My Mom: The first person I laid eyes on, the first person to guide me by the hand, my first love and my first model of leadership. While I didn’t know it as a child and disregarded it as an adolescent, my Mom taught me a lot about leadership.
Like most great leaders, she never sat me down and said: “Now, I will teach you about leadership.” She just led by example: Lesson #1.
When I sat down to draft this post I had a few ideas and thought it would come together easily. Yet, the more I pulled on the threads of memory, the more I had to say, the longer the list became, the more it related to leadership theory and the less I knew how to organize it all. In the end, I think it breaks down into some big themes and some common wisdom that applies to all leaders.
Elaine O’Rourke will never be on the cover of Forbes or Fast Company but here’s my tribute to my Mom’s leadership style. For what is leadership if not the ability to exert a lasting influence on others?
My Mom taught me about:
- Servant leadership: I can’t tell you the hours my Mom spent driving my three sisters and me around, typing endless high school papers, not to mention the endless hours of cooking, cleaning, shopping, doctor’s appointments, etc. You really can’t appreciate all that devotion until you are a parent yourself and understand that, just maybe, there were times when she would have preferred to do something else. Through it all, I don’t remember any complaints, it was always done to support our pursuit of the day. We think of it as typical “parent stuff” but it prepares us to be of service to others so that they can meet their objectives.
- Motivation: Parents know instinctively what motivates their children. Is it the promise of a reward or the threat of loss? Is it “eat your dinner and then you can have dessert” or “if you don’t eat your dinner then there will be no dessert”? Different approaches work for different people under different circumstances and my Mom seemed to know how to recalibrate. Regardless of the circumstances, she always offered plenty of praise, mostly sensitive feedback and unbelievable chocolate chip cookies.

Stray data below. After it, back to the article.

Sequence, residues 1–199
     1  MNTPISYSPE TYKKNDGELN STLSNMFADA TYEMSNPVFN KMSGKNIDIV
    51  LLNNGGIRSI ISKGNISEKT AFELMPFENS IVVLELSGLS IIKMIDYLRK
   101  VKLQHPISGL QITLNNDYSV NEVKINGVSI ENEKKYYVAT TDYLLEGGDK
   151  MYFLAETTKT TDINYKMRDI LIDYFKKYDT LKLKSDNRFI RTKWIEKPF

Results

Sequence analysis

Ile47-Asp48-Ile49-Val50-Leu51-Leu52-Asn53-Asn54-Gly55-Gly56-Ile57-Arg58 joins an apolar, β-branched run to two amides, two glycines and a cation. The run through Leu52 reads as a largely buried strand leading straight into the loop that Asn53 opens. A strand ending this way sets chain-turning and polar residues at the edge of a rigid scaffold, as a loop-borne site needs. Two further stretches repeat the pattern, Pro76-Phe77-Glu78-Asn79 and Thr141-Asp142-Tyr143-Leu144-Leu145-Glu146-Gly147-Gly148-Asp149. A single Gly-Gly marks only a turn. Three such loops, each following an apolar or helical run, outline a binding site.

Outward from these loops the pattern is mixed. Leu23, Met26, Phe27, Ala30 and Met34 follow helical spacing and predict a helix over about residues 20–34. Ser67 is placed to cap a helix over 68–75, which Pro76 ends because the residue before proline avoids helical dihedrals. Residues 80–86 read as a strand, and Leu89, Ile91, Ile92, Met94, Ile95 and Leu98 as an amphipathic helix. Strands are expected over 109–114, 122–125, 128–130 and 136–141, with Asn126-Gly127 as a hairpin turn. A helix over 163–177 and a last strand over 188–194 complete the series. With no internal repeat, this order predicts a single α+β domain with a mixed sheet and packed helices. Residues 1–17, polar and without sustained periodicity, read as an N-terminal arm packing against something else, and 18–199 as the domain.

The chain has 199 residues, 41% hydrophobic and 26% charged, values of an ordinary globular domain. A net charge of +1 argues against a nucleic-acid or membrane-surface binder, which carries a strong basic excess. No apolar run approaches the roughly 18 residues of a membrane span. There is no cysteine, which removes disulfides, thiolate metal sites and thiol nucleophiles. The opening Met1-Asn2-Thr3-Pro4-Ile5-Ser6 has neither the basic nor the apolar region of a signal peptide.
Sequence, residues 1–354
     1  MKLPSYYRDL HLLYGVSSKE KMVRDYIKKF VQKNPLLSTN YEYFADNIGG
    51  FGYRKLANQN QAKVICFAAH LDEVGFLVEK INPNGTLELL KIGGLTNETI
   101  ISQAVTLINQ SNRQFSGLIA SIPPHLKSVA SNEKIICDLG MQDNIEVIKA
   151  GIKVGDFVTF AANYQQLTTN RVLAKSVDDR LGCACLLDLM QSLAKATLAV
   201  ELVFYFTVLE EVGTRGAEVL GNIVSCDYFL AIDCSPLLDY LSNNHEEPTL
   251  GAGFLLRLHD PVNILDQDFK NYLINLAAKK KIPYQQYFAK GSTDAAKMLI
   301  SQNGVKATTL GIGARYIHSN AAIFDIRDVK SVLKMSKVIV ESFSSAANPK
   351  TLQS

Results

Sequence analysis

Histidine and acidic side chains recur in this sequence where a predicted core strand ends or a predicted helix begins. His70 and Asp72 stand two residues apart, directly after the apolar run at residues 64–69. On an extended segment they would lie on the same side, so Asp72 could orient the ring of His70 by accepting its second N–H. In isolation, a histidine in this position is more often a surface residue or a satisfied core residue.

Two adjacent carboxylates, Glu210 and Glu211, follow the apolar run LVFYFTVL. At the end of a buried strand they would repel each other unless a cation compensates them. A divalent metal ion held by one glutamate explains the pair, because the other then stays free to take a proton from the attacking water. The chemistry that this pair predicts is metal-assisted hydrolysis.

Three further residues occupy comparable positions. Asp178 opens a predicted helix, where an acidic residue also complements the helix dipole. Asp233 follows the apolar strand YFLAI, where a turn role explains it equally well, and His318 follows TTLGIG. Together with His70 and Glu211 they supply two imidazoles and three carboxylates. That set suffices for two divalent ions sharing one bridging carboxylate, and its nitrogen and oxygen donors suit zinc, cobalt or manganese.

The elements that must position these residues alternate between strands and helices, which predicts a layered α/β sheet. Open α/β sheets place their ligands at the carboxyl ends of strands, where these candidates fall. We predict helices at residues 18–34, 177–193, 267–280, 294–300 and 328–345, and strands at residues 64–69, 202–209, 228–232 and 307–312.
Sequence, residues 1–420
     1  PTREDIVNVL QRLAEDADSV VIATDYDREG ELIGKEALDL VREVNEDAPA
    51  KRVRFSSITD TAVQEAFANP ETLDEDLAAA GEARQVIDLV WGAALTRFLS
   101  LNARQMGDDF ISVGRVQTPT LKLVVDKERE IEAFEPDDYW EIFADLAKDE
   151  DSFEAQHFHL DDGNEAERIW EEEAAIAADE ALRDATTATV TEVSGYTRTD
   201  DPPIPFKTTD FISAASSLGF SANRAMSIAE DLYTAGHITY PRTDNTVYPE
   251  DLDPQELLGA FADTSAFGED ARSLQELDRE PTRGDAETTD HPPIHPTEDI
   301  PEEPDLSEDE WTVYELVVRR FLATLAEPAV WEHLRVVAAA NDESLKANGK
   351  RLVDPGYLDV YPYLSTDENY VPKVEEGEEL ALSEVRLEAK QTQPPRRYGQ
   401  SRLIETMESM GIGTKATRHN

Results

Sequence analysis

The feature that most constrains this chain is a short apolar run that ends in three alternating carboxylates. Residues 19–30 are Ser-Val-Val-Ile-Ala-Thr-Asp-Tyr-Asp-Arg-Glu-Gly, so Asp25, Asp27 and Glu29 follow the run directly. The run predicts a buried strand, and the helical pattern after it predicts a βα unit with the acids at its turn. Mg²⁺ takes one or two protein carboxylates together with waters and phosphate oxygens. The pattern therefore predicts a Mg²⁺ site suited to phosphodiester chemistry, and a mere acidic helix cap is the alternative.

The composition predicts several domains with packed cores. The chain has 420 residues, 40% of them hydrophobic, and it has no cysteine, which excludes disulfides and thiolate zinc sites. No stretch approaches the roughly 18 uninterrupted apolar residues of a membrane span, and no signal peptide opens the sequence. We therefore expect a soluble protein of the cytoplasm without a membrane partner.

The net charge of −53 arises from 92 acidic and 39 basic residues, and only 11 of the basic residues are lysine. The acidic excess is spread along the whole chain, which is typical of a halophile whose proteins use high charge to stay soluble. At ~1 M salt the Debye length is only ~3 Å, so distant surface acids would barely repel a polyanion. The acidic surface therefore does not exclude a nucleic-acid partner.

- Setting positive norms and values: There is lots of research about optimal organizations being those where peoples’ values align with those of their organization. Those values come to life through behaviours and “how we do things.” In our home there was respect for authority, there was kindness, honesty, good manners, taking pride in yourself and there was a solid work ethic. Of course I groaned every time I heard: “If you’re going to do something, do it properly,” but it has served me well.
- The importance of celebrating: Oh the feasts! My Mom (and Dad) knew how to throw a party. Every holiday, every birthday, the more the merrier and the effort they put into these celebrations let people know how special they are. They were fostering lasting family and community ties and creating a common history. I learned later in reading Shackleton’s Way: Leadership Lessons from the Great Antarctic Explorer how important it is for people to eat together, to get to know one another and to celebrate milestones and holidays. It creates goodwill among team members which can be critical during challenging times.
- Perseverance: When I was an infant, my Mom discovered that she had advanced kidney disease and was told she should get her affairs in order. She wasn’t going to leave her husband with four young girls at home without a fight so she made arrangements to go to the Mayo Clinic. There, she discovered that she had been misdiagnosed but would need a transplant to survive. It was quite unheard of to challenge a doctor’s authority in those days and the church was not sold on transplantation either. She was undeterred. After some time on dialysis a donor was found and that gift kept her alive for more than twenty years. This wouldn’t be her last health challenge. During one health scare, Mom received a blood transfusion tainted with Hepatitis C. She fought for years to prove it and to obtain the compensation to which she was entitled. She knew she’d been done wrong by and, ill as she was, she was quite literally not about to take it lying down. She was eventually compensated by the federal and provincial governments but she did not live to see that day.
There is so much more to say but I think I’ll close with more “comMom” wisdom that I use every day.
- Be optimistic
- Think critically without criticizing others
- Do your best
- Go for it!
- Say please and thank you (I’m still always behind on Thank you notes but it’s a kind gesture and good networking)
- Be yourself
- Don’t take yourself too seriously (“The Devil made me do it” was a favourite phrase of hers.)
I asked a number of friends what their Moms taught them about leadership and the conversation was fascinating. Stay tuned for those insights in a follow-up post. Until then, what did your Mom teach you about leadership?